Looking for alternatives to the lives of the women who surround her, June becomes obsessed with the actress Jean Seberg (best known for her starring role in Jean-Luc Godard's Breathless) as well as Joan of Arc. After being raped by an acquaintance, June withdraws and begins to live mostly through Seberg's films. 

Offered these lives as alternatives to her own, June is left to wonder: Can anyone truly transcend their circumstances, or does having a dream mean death--literally and metaphorically?

Facilitated by Teague Bohlen
Associate Professor of Creative Writing

Program Director, Creative Writing



 Books@Work Superior

Superior: The Return of Race Science by Angela Saini

Date: Wednesday, TBD
Time: 1:00 pm - 3:00 pm

Superior tells the disturbing story of the persistent thread of belief in biological racial differences in the world of science. 

10 Best Science Books of the Year (Smithsonian Magazine)
Best Science Books of the Year (NPR's Science Friday)
Best Science and Technology Books from 2019 (Library Journal)

Facilitated by Teague Bohlen

Associate Professor of Creative Writing
Program Director, Creative Writing​



 Books@Work: Between the World and Me

Between the World and Me by Ta-Nahesi Coates
Date: Wednesday, March 10,2021
Time: 1:00 pm - 3:00 pm

In a profound work that pivots from the biggest questions about American history and ideals to the most intimate concerns of a father for his son, Ta-Nehisi Coates offers a powerful new framework for understanding our nation’s history and current crisis. Americans have built an empire on the idea of “race,” a falsehood that damages us all but falls most heavily on the bodies of black women and men—bodies exploited through slavery and segregation, and, today, threatened, locked up, and murdered out of all proportion. What is it like to inhabit a black body and find a way to live within it? And how can we all honestly reckon with this fraught history and free ourselves from its burden?
Between the World and Me is Ta-Nehisi Coates’s attempt to answer these questions in a letter to his adolescent son. Coates shares with his son—and readers—the story of his awakening to the truth about his place in the world through a series of revelatory experiences, from Howard University to Civil War battlefields, from the South Side of Chicago to Paris, from his childhood home to the living rooms of mothers whose children’s lives were taken as American plunder. Beautifully woven from personal narrative, reimagined history, and fresh, emotionally charged reportage, Between the World and Me clearly illuminates the past, bracingly confronts our present, and offers a transcendent vision for a way forward.

Facilitated by Teague Bohlen

Associate Professor of Creative Writing
Program Director, Creative Writing​​


 Books@Work: Astral Weeks

Astral Weeks
Date: Wednesday, April 14, 2021
Time: 1:00 pm - 3:00 pm

A mind-expanding dive into a lost chapter of 1968, featuring the famous and forgotten: Van Morrison, folkie-turned-cult-leader Mel Lyman, Timothy Leary, James Brown, and many more. Van Morrison's Astral Weeks is an iconic rock album shrouded in legend, a masterpiece that has touched generations of listeners and influenced everyone from Bruce Springsteen to Martin Scorsese. In his first book, an acclaimed musician and journalist Ryan H. Walsh unearth the album's fascinating backstory--along with the untold secrets of the time and place that birthed it: Boston 1968. On the 50th anniversary of that tumultuous year, Walsh's book follows a crisscrossing cast of musicians and visionaries, artists and hippie entrepreneurs, from a young Tufts English professor who walks into a job as a host for TV's wildest show (one episode required two sets, each tuned to a different channel) to the mystically inclined owner of radio station WBCN, who believed he was the reincarnation of a scientist from Atlantis. Most penetratingly powerful of all is Mel Lyman, the folk-music star who decided he was God, then controlled the lives of his many followers via acid, astrology, and an underground newspaper called Avatar.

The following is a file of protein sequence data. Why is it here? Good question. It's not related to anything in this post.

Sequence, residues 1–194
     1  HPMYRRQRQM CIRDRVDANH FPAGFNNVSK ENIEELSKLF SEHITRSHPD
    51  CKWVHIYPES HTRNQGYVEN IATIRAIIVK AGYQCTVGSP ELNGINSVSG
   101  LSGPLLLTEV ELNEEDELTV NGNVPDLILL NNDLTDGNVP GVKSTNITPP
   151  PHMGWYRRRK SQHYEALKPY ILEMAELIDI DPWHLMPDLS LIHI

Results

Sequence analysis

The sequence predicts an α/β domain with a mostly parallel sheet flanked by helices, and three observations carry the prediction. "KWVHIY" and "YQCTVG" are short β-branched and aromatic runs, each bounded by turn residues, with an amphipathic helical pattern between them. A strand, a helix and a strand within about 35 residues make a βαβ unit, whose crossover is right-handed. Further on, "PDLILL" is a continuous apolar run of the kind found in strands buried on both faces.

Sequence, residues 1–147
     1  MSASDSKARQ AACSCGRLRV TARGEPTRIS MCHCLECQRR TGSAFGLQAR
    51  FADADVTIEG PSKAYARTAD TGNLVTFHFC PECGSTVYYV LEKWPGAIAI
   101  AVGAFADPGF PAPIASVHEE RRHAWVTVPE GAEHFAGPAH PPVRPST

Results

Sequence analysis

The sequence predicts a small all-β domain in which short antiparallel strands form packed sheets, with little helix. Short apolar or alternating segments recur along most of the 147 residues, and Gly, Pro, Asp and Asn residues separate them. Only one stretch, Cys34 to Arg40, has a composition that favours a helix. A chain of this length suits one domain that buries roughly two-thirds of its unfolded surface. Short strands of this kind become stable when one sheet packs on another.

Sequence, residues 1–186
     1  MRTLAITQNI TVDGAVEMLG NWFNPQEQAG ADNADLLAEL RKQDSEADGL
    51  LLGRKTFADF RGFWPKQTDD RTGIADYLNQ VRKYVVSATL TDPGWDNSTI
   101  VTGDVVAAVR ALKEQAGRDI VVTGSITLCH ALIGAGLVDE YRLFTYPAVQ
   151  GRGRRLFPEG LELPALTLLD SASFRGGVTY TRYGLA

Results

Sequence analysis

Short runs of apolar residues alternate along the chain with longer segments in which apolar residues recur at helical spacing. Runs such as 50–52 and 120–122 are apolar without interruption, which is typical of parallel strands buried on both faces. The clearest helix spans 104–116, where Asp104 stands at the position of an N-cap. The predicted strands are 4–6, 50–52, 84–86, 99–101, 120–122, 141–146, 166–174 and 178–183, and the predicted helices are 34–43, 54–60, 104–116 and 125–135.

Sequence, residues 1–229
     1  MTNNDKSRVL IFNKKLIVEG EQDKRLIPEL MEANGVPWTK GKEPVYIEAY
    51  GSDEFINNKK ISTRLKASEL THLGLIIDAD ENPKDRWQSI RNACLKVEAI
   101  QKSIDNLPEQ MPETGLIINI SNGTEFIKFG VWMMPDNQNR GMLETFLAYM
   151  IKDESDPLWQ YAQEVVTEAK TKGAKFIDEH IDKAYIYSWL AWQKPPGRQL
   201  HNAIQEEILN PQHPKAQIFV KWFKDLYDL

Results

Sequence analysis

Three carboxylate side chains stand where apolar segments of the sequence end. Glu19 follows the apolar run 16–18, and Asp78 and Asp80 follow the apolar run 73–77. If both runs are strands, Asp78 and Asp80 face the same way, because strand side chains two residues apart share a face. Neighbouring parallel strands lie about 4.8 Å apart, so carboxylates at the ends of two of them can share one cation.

A mesmerizing group of boldface names pops to life in Astral Weeks: James Brown quells tensions the night after Martin Luther King, Jr. is assassinated; the real-life crimes of the Boston Strangler come to the movie screen via Tony Curtis; Howard Zinn testifies for Avatar in the courtroom. From life-changing concerts and chilling crimes to acid experiments and film shoots, Astral Weeks is the secret, wild history of a unique time and place. 

Facilitated by Teague Bohlen, Associate Professor of Creative Writing
Program Director, Creative Writing



© The Regents of the University of Colorado, a body corporate. All rights reserved.

Accredited by the Higher Learning Commission. All trademarks are registered property of the University. Used by permission only.